FEMA: Recovery Progress Continues in Puerto Rico with Agreement on Public Assistance Alternative Procedures Guide

FEMA Administrator Brock Long announced today that FEMA and the Government of Puerto Rico have coordinated the guidelines for permanent work restoration in Puerto Rico.

FEMA is releasing the “Public Assistance Alternative Procedures Guide for Permanent Work (Section 428)” document specifically for permanent work projects in Puerto Rico.

Using these procedures, FEMA will develop fixed-cost project estimates in collaboration with Puerto Rico and applicants. All projects will be funded at a 90 percent federal cost share and the projects must be identified and estimates agreed to within the next 18 months.

Puerto Rico Gov. Ricardo Rossello elected to participate in Alternative Procedures for all permanent work resulting from Hurricane Maria in order to expedite assistance and provide maximum flexibility during the recovery effort.

Applicants will have the flexibility to use funding across all eligible projects to best meet their recovery needs, and alternate projects will not be subject to cost-share reductions that occur under the traditional Public Assistance program. Additionally, applicants will be allowed to use any excess funds towards eligible mitigation projects or other activities to improve future Public Assistance operations or planning.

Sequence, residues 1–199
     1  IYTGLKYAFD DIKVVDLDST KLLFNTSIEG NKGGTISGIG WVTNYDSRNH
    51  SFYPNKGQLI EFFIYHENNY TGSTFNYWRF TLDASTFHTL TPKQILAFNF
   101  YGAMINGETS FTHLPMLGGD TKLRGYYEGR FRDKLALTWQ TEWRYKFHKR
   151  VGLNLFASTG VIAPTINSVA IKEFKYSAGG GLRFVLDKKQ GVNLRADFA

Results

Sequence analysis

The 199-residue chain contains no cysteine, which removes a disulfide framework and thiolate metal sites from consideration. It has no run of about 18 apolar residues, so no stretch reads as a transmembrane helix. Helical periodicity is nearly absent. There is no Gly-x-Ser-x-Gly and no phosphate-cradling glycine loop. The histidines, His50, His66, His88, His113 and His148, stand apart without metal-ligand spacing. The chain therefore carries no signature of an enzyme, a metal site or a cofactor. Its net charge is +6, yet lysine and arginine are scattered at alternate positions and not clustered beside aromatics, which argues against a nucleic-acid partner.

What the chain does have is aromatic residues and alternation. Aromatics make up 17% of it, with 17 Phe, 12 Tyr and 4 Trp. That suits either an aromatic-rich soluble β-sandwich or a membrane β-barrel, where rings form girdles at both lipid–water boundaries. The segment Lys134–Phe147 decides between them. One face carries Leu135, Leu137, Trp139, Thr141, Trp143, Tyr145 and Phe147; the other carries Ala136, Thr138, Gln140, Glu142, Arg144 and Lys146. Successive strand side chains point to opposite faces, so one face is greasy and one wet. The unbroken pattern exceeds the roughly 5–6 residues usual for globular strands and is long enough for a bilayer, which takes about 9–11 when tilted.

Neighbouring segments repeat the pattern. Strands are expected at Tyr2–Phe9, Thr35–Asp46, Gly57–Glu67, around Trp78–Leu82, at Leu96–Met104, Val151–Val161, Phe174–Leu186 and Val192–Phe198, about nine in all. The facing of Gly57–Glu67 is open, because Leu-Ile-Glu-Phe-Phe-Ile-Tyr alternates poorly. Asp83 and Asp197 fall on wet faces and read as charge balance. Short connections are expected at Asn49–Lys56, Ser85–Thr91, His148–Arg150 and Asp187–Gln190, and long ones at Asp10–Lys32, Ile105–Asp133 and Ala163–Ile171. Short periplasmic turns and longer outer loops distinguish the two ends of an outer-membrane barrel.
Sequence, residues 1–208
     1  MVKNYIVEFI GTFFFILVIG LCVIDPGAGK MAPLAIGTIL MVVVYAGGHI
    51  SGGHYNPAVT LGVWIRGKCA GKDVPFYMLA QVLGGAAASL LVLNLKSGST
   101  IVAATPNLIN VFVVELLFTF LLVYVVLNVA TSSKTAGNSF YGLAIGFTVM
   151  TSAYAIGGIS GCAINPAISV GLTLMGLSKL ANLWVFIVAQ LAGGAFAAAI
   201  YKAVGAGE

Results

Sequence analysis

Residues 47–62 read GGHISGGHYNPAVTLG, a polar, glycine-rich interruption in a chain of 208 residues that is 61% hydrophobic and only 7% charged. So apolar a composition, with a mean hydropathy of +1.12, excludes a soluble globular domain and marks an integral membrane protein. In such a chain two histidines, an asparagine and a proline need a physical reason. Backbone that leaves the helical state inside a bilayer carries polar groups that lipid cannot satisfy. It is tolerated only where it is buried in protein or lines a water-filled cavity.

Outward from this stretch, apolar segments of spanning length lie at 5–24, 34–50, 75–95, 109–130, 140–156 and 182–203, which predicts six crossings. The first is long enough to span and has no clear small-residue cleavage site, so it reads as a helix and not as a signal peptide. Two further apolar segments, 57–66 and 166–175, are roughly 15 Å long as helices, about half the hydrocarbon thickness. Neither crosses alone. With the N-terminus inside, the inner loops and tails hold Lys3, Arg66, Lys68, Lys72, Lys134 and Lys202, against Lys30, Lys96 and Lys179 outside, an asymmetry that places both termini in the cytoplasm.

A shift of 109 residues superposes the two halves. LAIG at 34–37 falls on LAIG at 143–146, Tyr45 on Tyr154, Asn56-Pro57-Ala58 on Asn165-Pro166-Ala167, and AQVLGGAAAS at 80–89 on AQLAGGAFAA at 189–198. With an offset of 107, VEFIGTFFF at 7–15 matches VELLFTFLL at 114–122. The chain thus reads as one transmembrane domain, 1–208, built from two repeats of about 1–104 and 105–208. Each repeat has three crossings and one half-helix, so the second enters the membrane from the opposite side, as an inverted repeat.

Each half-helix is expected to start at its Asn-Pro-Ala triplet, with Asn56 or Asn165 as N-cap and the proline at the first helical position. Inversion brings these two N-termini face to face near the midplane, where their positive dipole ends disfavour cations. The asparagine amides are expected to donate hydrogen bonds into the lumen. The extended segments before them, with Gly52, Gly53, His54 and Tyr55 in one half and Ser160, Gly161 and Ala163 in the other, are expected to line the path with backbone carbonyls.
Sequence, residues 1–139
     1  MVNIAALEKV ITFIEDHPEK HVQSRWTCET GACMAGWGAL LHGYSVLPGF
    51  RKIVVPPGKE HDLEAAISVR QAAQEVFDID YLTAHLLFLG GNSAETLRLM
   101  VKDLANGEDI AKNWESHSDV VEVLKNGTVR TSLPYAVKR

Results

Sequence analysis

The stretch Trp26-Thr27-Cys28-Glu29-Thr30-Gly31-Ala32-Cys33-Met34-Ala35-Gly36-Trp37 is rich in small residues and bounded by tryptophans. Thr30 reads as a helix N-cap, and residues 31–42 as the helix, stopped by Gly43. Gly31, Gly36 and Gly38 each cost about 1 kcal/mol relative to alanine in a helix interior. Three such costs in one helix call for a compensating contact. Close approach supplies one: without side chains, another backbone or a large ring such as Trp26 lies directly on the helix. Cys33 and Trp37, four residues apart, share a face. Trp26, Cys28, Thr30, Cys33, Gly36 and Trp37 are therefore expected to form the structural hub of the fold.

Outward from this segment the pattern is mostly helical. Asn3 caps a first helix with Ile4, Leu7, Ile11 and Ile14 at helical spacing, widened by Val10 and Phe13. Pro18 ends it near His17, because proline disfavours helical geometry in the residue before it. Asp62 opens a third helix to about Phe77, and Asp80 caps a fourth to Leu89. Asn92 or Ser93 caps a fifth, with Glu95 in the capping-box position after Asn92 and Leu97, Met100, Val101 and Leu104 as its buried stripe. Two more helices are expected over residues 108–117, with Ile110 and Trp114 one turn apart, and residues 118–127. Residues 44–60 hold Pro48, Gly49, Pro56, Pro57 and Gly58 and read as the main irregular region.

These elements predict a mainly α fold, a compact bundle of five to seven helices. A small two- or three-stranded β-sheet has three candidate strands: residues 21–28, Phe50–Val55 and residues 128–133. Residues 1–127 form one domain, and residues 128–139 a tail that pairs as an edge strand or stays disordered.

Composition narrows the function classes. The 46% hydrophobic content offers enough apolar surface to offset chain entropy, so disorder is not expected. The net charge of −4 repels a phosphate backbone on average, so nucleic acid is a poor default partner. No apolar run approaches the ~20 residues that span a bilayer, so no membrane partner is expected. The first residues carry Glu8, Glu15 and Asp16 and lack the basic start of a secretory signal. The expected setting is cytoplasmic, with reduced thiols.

FEMA has already obligated nearly $1.4 billion for emergency work projects in Puerto Rico.

Alternative procedures were first implemented following Hurricane Sandy as part of the Sandy Recovery Improvement Act that Congress passed in January 2013. Since then, $10.8 billion has been estimated and obligated for 259 eligible recovery projects across 28 states using the procedures.

In Puerto Rico, an independent expert panel will review all fixed estimates that are more than $5 million, or at the applicant’s request for review. Both FEMA and Puerto Rico will have representatives who serve on the independent panel.

For more information on Hurricane María recovery, visit fema.gov/disaster/4339

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